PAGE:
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Absolute Music, Mechanical Reproduction

Arved Ashby

Publication Year: 2010

Recordings are now the primary way we hear classical music, especially the more abstract styles of "absolute" instrumental music. In this original, provocative book, Arved Ashby argues that recording technology has transformed our understanding of art music. Contesting the laments of nostalgic critics, Ashby sees recordings as socially progressive and instruments of a musical vernacular, but also finds that recording and absolute music actually involve similar notions of removing sound from context. He takes stock of technology's impact on classical music, addressing the questions at the heart of the issue. This erudite yet concise study reveals how mechanical reproduction has transformed classical musical culture and the very act of listening, breaking down aesthetic and generational barriers and mixing classical music into the soundtrack of everyday life.

Published by: University of California Press

Title Page, Copyright, Dedication

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pp. 2-9

Contents

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pp. vii-viii

List of Illustrations

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pp. ix-x

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Acknowledgments

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pp. xi-xii

This book was a joy to write— because of the importance and timeliness of its subject, certainly, but also because it brought me into contact with quite a few enthusiastic and very knowledgeable people. Book and author profited especially from the expert insights, assessments, and corrections, not to mention kind encouragement, ...

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Introduction

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pp. 1-26

“When you buy a record there are always cuts that leave you cold. You skip them. You don’t approach a record as a closed book that you have to take or leave. Other cuts you may listen to over and over again. They follow you. You find yourself humming them under your breath as you go about your daily business.”1 ...

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1. The Recorded Musical Text

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pp. 27-59

Just what is a musical performance? This is a difficult question, one that music scholars have been slow to ask and even slower to answer. We could begin our definition by saying a performance of Western art music transpires with a reading that is more or less normative and executed according to the composer’s instructions. ...

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2. Recording, Repetition, and Memory in Absolute Music

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pp. 60-90

Edison’s early cylinders wore out after only several plays, so aural history begins with one particular refinement of his invention: the electroplated “phonogram” disk devised by Charles Sumner Tainter in 1881. Emil Berliner further developed this method for commercial markets, making multiple stampings from master discs ...

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3. Schnabel’s Rationalism, Gould’s Pragmatism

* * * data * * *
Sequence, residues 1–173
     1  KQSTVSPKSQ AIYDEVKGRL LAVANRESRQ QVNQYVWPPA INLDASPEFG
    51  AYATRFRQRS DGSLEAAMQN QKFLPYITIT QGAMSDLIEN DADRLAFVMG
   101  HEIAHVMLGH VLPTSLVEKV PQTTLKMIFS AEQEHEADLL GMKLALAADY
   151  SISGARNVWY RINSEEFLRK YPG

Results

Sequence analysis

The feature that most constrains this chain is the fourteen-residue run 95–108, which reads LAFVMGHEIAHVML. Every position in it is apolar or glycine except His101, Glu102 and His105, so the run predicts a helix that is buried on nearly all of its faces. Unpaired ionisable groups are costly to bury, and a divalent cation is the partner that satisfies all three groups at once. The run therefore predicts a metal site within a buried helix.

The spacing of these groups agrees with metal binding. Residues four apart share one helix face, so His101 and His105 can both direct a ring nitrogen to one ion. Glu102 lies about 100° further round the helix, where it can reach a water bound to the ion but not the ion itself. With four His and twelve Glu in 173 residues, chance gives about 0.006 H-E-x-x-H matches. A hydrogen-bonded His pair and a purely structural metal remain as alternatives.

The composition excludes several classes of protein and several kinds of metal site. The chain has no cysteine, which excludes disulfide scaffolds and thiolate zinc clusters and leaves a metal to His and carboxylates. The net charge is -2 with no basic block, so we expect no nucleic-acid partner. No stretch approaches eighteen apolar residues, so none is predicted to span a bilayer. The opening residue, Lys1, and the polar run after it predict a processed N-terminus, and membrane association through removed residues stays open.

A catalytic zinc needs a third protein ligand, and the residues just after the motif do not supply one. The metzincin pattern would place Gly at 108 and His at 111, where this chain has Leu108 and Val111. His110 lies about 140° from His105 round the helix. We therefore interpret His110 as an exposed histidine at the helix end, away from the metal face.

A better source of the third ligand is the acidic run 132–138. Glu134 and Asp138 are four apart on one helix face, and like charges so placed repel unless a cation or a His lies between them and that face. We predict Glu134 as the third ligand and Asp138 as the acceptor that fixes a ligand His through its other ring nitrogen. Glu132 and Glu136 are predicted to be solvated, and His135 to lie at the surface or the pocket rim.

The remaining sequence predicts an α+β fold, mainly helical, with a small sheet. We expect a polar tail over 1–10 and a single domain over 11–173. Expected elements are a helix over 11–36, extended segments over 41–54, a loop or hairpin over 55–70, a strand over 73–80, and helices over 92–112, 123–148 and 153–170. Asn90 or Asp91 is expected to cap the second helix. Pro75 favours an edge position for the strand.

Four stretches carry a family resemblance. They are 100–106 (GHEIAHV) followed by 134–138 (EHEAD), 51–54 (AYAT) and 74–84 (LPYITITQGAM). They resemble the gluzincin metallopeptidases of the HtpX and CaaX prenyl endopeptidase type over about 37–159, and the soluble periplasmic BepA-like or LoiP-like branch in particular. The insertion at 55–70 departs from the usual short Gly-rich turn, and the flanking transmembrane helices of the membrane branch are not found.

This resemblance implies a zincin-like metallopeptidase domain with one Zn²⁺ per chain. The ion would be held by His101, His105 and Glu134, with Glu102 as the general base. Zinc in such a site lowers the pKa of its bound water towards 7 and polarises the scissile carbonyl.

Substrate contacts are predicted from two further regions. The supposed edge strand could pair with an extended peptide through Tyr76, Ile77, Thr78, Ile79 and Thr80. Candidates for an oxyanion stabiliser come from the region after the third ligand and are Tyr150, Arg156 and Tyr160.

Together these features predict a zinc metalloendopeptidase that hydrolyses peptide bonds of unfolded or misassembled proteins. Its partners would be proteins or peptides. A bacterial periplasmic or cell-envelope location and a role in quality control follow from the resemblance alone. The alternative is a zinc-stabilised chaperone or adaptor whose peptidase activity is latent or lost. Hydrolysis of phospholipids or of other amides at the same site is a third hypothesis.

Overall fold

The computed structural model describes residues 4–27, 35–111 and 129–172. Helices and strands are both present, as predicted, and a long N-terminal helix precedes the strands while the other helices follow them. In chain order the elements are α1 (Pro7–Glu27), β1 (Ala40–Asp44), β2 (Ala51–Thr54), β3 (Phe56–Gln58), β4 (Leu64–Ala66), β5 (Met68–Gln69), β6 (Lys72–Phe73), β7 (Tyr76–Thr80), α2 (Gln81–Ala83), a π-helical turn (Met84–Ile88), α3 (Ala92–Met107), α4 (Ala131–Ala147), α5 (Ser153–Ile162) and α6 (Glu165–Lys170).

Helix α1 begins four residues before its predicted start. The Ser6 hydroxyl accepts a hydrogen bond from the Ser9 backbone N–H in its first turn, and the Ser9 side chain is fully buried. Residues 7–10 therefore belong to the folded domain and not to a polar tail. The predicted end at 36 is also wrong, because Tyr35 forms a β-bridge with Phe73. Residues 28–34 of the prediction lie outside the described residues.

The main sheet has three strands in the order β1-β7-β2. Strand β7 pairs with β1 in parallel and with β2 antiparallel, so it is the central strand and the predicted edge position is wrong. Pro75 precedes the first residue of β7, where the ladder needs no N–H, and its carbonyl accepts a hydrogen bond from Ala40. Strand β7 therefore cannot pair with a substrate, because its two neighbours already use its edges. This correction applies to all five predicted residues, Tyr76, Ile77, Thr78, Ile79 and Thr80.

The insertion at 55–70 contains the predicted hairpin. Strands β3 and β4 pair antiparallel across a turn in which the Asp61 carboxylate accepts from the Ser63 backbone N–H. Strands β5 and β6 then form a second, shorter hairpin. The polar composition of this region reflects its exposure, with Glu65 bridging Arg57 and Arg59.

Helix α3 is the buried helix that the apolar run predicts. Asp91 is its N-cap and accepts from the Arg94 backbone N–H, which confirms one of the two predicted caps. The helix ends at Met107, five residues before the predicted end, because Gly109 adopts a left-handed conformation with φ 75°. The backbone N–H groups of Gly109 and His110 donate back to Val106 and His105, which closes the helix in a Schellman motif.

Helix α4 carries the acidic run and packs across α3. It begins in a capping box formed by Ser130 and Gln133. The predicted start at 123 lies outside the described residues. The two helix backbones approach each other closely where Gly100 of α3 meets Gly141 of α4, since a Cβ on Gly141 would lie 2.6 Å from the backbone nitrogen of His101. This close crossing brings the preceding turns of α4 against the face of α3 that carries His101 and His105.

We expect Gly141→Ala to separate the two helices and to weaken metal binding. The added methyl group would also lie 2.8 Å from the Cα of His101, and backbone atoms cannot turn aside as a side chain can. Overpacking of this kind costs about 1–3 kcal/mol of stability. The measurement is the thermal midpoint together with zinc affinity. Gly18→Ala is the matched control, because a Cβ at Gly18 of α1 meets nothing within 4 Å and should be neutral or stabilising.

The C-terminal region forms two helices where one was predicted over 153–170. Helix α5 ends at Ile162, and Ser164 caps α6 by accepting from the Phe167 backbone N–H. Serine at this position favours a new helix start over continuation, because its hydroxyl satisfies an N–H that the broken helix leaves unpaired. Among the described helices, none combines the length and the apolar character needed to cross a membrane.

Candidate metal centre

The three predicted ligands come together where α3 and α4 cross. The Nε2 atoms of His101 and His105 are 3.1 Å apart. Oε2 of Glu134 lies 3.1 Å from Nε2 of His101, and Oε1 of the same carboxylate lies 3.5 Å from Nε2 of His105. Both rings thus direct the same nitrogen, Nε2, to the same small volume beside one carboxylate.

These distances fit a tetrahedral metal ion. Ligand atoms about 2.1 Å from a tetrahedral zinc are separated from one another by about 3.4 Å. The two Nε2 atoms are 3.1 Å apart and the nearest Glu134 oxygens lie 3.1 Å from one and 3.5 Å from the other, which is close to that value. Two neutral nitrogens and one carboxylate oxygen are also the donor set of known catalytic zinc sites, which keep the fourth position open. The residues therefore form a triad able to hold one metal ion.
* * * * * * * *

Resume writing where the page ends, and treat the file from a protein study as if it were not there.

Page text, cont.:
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pp. 91-122

To judge from their recordings, Artur Schnabel and Glenn Gould were extraordinarily different musicians. Their most obvious points of contrast concern keyboard address. Gould is commonly faulted for emphasizing pianism over service to the composer: “Gould had total command of his instrument,” reads one review, ...

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4. Digital Mythologies

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pp. 123-161

Music aesthetics became closely intertwined with recording and distribution technologies in the second half of the twentieth century. This fact is acknowledged in popular music but also holds true in art music: large-scale changes in recording techniques precipitated change in compositional aesthetics, and vice versa, ...

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5. Beethoven and the iPod Nation

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pp. 162-193

The long-playing record, popularly known as the LP, appeared shortly after World War II. Columbia Records introduced it to the American market as a medium for classical music, under the assumption that longer discs had greater commercial potential with Beethoven than they might with Bing Crosby: ...

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6. Photo/phono/porno

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pp. 194-220

Susan Sontag called photography an “ethics of seeing,” and by analogy recording could be termed an “ethics of hearing.”1, Photography’s traditional truth- telling powers stem from its long association with photojournalism. Recording owes such truth implications to the absolute-music heritage, the work concept, ...

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7. Mahler as Imagist

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pp. 221-252

Mahler’s symphonies, though never truly neglected, didn’t achieve wide popularity until the later decades of the twentieth century. Why they were so late finding broad appeal remains an absorbing question. Was it simply a matter of musical style? ...

Notes

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pp. 253-298

Selected Bibliography

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pp. 299-308

Index

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pp. 309-317

Production Notes

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p. 333-333


E-ISBN-13: 9780520945692
Print-ISBN-13: 9780520264809

Page Count: 336
Publication Year: 2010